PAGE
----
A recently-released report showed strong year-over-year price appreciation for detached bungalows and standard condominiums in Winnipeg.
According to the Royal LePage House Price Survey and Market Survey Forecast, standard two-storey home prices also posted healthy year-over-year gains.
“Prices are up due to strong demand and a supply shortage,” said Rick Preston, broker and owner of Royal LePage Dynamic Real Estate, and a former president of WinnipegREALTORS®.
Average detached bungalow prices in Winnipeg climbed 9.9 per cent year-over-year to $304,157, while standard condominium prices grew 8.3 per cent to $192,062. Standard two-storey homes increased 4.7 per cent year-over-year to $320,226.
“To finish as well as we did, with a new dollar volume record of $3.2 billion in MLS® sales, given the tighter mortgage regulations and the regular media calls for a softer real estate market,” said out-going WinnipegREALTORS® president Shirley Przybyl, “is testimony to the resiliency of the greater Winnipeg real estate market and our Manitoba economy in general.”
Royal LePage is forecasting that average Winnipeg home prices will rise over one per cent in 2013, while unit sales for this year are forecast to decrease by 1.2 per cent over 2012 levels.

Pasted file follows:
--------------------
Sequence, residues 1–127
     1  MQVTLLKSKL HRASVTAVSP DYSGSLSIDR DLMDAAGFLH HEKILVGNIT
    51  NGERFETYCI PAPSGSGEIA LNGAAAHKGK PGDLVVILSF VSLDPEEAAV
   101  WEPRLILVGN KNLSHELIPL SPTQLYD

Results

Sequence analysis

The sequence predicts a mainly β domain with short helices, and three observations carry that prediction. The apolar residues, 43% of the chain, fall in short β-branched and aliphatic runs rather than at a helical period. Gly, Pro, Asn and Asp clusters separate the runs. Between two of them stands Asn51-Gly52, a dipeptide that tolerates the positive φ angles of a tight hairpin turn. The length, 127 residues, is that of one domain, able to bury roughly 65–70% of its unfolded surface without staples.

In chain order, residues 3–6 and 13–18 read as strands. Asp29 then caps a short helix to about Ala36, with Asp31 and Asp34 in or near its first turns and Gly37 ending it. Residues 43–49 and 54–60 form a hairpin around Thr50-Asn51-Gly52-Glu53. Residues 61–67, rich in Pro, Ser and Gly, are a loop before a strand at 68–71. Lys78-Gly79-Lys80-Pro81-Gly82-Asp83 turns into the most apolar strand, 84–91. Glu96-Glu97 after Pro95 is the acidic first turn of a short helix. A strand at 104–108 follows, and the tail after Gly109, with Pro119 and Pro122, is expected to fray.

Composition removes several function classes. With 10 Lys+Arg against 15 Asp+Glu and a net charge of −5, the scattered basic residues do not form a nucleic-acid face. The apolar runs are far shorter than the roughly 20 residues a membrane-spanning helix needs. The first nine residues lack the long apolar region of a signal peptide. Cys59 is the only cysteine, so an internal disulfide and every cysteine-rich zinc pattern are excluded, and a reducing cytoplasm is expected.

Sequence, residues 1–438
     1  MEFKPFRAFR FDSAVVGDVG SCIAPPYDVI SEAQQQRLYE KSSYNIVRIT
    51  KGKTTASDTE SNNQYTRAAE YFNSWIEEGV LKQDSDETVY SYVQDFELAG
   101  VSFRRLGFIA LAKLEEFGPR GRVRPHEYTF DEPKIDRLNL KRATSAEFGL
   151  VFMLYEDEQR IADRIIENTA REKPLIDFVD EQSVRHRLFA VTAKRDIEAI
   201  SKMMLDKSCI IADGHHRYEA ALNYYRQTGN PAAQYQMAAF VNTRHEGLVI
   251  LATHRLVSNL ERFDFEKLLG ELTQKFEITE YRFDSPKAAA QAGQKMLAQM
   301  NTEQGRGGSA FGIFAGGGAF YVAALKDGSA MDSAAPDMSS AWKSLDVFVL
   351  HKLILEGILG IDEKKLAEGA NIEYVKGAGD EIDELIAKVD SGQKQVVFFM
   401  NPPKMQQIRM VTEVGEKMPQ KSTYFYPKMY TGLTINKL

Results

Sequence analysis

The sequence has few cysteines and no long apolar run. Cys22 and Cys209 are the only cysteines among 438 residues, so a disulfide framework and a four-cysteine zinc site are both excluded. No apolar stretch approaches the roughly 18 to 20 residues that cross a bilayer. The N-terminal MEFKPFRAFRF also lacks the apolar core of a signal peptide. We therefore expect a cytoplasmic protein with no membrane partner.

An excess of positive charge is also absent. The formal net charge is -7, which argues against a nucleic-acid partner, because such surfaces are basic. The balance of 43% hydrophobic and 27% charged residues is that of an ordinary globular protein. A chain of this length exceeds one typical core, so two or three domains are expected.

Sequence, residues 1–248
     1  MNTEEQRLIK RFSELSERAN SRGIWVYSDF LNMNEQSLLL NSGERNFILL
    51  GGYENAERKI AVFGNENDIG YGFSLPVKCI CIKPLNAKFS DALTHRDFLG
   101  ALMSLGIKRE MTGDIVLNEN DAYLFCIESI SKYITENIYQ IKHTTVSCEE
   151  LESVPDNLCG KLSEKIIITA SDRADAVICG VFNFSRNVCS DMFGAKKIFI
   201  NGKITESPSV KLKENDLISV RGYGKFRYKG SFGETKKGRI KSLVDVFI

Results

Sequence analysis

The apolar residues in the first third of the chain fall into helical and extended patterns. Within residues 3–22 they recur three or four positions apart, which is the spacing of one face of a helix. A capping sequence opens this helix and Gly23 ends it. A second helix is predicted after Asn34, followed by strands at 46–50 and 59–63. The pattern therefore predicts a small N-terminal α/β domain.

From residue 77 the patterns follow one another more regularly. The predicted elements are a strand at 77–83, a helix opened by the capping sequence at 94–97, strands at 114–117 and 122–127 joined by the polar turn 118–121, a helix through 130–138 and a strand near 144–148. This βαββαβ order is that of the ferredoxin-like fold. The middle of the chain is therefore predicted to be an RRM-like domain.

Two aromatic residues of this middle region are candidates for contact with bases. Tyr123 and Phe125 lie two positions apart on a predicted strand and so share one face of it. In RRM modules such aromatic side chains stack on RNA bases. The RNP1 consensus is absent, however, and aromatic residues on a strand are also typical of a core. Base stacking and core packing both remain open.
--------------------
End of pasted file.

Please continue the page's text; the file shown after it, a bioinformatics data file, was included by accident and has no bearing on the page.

Compared to 2012, fewer homes are expected to trade hands in the first half of 2013, which should slow the pace at which home prices are rising. However, by the end of 2013, it is expected that the average national home price will be one per cent higher compared to 2012.
In the fourth quarter, standard two-storey homes rose four per cent year-over-year to $390,444, while detached bungalows increased 3.6 per cent to $356,790. National average prices for standard condominiums increased two per cent to $239,374.
“More home buyers moved to the sidelines as 2012 progressed, as economic uncertainty abroad and reduced affordability became a drag on the market, however, house prices proved resilient,” said Phil Soper, president and chief executive of Royal LePage.
“Our sturdy domestic economy and encouraging employment trends have emboldened sellers, and some have opted to let market conditions adjust before listing,” he added. “Simply put, fewer homeowners listed their properties in the second half of the year, which kept inventory levels lower, and supported home values.”
Soper said that in the absence of a serious economic event, many Canadians would adjust their short-term buying or selling timing according to prevailing market conditions, but that it was rare for engaged, qualified families to hold out for very long.
It is expected that the trend towards slower sales seen in the second half of 2012 will continue through the first half of 2013. Expectations are that year-over-year comparisons will begin to show improvement in the third quarter 2013, and return to growth in the final quarter of the year.
Soper said that the housing market is well into a cyclical correction and that fears of a sharp or drawn out collapse are unwarranted. Home prices have risen faster than salaries and wages for three years and the market requires time to adjust.
A CIBC World Markets report also concluded that Canada is not on the cusp of a real estate meltdown.
Benamin Tal, a CIBC economist, said in a recent report that consumer fundamentals in Winnipeg “are in good shape with a relatively healthy labour market and the nation’s lowest personal bankruptcy rate.”
(See NO MELTDOWN, page 7)